"Every newscaster from TV and radio has contacted me trying to get my father and Pat, and we have to all help out with that. My father's holding up well and doing pretty good, considering his condition. We just have to make sure he doesn't overdo it. We have quite a few dealerships that my brother and I run, and between that and trying to help Pat and my dad get organized, it's been pretty hectic."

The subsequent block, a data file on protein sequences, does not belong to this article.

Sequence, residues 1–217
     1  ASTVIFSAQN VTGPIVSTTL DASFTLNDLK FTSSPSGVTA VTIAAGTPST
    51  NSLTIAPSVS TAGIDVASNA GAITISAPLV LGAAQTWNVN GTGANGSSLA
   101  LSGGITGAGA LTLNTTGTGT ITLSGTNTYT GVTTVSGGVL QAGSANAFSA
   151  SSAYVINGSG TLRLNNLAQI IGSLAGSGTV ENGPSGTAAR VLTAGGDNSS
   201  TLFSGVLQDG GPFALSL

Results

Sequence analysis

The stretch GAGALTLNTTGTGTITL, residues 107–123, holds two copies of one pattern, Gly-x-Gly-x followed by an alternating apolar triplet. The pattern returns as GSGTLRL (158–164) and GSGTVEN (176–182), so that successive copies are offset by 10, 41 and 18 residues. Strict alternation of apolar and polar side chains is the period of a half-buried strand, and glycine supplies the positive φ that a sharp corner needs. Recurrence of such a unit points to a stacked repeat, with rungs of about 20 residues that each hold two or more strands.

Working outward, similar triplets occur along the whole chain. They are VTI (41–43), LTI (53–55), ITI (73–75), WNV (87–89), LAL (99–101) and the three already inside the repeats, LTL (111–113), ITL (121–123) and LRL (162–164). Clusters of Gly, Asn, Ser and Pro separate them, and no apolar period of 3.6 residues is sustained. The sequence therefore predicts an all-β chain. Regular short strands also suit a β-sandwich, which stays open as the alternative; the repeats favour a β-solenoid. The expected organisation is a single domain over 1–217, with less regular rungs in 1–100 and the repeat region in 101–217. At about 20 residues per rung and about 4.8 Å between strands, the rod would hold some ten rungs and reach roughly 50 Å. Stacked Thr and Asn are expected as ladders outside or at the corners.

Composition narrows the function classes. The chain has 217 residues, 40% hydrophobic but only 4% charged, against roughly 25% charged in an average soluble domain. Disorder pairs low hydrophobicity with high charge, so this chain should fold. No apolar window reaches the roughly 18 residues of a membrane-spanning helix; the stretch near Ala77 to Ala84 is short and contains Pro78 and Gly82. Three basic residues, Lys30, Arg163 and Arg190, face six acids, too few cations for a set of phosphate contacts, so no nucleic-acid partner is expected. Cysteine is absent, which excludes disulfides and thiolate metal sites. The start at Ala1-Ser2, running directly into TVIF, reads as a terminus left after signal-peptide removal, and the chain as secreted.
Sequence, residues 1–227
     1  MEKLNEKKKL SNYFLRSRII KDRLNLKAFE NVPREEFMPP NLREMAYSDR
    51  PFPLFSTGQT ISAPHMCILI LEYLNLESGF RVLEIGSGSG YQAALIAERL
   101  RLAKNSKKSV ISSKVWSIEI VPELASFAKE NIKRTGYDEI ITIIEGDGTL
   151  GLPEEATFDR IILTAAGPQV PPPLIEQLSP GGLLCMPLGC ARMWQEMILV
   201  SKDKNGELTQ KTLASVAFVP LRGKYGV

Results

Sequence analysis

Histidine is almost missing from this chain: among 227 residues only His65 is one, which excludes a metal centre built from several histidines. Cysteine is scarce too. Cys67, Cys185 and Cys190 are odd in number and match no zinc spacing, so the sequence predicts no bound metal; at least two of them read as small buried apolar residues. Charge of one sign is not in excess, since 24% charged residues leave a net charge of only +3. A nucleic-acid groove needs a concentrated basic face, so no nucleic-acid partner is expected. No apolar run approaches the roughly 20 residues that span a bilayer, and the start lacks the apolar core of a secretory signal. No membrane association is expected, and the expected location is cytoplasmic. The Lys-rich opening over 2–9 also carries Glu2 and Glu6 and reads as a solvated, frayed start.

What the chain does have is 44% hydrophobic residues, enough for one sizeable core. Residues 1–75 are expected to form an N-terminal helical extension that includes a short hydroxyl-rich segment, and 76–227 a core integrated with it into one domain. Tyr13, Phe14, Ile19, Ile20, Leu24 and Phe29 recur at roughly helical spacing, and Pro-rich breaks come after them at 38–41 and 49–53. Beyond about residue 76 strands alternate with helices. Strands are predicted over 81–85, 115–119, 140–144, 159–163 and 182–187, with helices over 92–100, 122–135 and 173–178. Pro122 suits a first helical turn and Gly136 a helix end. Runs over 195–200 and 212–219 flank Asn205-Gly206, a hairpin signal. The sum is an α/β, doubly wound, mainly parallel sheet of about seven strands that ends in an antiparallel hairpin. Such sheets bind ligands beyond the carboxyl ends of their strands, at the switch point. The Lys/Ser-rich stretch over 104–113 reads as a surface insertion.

"Chapman Ford, home of Smarty Jones, how may I direct your call?" That is the greeting people receive when they call the Chapman Ford dealership on Roosevelt Boulevard in Northeast Philadelphia, indicating life is not exactly the same around the showroom since Smarty Fever hit the City of Brotherly Love.Two large banners on the front gate also inform passersby that this is the "Home of Smarty Jones," hinting that buying a car from Smarty Jones' owner Roy Chapman will not be your typical, and often agitating, car-buying experience.Chapman Ford, which as been a Northeast Philly fixture for decades, has grown over the years and now has seven dealerships spread across the Delaware Valley."It's electric here," said Irene Edinger, who delivers the ultimate sales pitch to callers. "I mean, people who knew Mr. Chapman 50 years ago are calling wanting to know how to get a hold him. It's just wonderful, and we're all so excited. It's been a lot of fun. We've had a lot of reporters and TV stations here, and some of the people here have been on TV news programs. It's just an exciting time."All you have to do is come in for a test drive and you get a free Smarty Jones hat, says general sales manager Brian Ferraro. "Everybody's been talking about Smarty Jones, and we've gotten a lot of phone calls," Ferraro added. We're also getting some interesting feedback. For example, some people call or come in and want to know if the horse is here. They come in, some to do business and others just out of curiosity. Especially with the hat promotion, we're doing pretty good. It was a little quiet in the beginning of the month, but it's definitely picked up. We're all so happy for the Chapmans. They're great people."With Roy Chapman now 78 and in bad health with emphysema, his sons, Randy and Michael, run the dealerships. "People are definitely caught up in all this," Randy said. "All our employees are excited, and they're all telling me how much money they've won, and how they wish the odds were a little better. We've been in business for a number of years, and we have a lot of repeat customers. While we're not all of a sudden having a big jump in sales, there's certainly recognition for the horse. There has been a lot of activity, and I've gotten a lot of calls.